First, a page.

On my last trip I used trail-running shoes in Lapland, which is an absolute no-go for most standard hikers. As this trip was to try out ultralight hiking strategies under more severe conditions, I just had to try it out. I used a pair of mesh trail runners which were in no way water resistant and had a good sole with some kind of spikes. They were perfectly well sprung, so I walked in them as on clouds.
My prediction was: Wet shoes all the time.
I was right, and fine !
I had rain, wind, temperatures between 4 and 10 °C, rivers to walk through and a lot of mud and swamp(knee deep). I always had warm feet, had absolutely no problem with blisters or cracked skin from the complete wetness. I didn’t have to change my shoes the whole day. In the evening I changed the socks, used some fat creme and put on dry socks. This brought me fine through the whole trip. It was especially nice in the morning to put on the wet shoes. In boots I always had cold feet for the first half our, in the mesh shoes my feet were warm in about a minute. From my point of view all the common prejudices are nonsense.
But there are definite downsides of this hiking technique (which were not mentioned by anyone):
Mud accumulates in the shoe. After 3 days I recognized that in my socks and between the socks and the insole a lot of mud accumulated(~2mm in the sock,~4mm on the insole). This led to an uneven ground under my feet and to a possible spot to build up blisters. Therefore I had to clean the socks every evening and the insole and shoe itself(under the insole) every second day.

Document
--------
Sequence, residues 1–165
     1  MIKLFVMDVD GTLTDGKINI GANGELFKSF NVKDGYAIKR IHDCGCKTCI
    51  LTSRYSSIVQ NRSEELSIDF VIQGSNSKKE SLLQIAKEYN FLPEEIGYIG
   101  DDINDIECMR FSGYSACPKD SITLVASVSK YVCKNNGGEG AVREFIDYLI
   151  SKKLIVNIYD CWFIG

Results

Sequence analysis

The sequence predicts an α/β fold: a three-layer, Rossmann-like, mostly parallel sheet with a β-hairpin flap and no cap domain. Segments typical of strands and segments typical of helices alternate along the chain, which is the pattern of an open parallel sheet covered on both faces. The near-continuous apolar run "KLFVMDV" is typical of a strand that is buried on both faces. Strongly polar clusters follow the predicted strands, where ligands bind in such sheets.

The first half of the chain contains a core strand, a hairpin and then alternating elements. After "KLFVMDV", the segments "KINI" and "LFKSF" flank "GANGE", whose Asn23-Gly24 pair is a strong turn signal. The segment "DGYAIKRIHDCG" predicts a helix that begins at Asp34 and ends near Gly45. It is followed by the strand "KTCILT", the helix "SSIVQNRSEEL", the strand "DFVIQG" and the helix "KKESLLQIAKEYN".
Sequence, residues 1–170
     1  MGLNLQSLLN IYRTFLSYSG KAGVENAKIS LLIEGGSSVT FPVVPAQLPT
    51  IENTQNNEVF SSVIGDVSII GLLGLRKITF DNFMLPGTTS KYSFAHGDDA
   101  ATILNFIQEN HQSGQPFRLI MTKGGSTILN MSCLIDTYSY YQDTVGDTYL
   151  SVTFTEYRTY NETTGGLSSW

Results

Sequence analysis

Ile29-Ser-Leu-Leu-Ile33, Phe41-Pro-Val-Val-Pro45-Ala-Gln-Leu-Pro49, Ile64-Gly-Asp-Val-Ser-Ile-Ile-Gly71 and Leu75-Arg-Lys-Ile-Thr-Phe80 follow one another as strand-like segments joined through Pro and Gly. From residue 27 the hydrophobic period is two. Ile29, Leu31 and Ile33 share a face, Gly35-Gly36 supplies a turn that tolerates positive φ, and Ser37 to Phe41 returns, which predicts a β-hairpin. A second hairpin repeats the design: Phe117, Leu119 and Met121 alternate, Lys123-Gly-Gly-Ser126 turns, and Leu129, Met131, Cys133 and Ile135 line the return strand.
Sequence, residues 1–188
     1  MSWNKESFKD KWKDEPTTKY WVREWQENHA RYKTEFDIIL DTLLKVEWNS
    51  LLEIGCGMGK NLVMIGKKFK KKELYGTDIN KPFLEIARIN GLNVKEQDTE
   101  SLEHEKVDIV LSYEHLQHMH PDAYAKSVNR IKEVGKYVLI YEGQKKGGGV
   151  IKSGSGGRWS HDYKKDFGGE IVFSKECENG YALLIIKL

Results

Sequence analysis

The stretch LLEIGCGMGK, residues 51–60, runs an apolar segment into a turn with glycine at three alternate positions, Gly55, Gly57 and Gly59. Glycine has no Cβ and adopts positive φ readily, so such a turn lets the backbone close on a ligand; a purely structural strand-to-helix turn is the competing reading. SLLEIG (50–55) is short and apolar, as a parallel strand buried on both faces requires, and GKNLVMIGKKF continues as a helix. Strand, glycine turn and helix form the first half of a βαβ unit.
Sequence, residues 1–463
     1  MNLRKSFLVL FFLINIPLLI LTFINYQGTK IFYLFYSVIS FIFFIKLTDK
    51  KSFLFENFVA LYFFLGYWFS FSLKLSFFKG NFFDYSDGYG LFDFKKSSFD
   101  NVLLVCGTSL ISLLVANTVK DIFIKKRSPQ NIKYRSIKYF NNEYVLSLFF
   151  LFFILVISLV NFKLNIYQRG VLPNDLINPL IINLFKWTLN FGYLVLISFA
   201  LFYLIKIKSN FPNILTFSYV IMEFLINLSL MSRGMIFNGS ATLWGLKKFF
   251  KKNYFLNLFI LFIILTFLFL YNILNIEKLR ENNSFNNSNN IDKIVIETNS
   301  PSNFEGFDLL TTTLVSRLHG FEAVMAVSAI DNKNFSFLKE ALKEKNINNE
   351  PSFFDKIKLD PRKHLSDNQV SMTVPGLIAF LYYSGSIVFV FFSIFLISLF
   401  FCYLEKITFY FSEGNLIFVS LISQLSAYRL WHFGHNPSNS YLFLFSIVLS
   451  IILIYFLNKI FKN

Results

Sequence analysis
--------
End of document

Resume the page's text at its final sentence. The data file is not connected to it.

They don’t dry. The often mentioned sentence that boots don’t dry on the trail but mesh shoes do might be true for warm Californian PCT sections but not for northern-European hiking conditions. As every other piece of gear, it will stay wet. Doesn’t matter how long you walk in the dry.
They grow stiff. The continues partly dry, wet and mud conditions made the shoes stiff, you had to batter them to make them soft again. This might be a special issue of my pair of shoes…
Socks wear out a lot faster. During this trip I completely destroyed the SmartWool socks I used.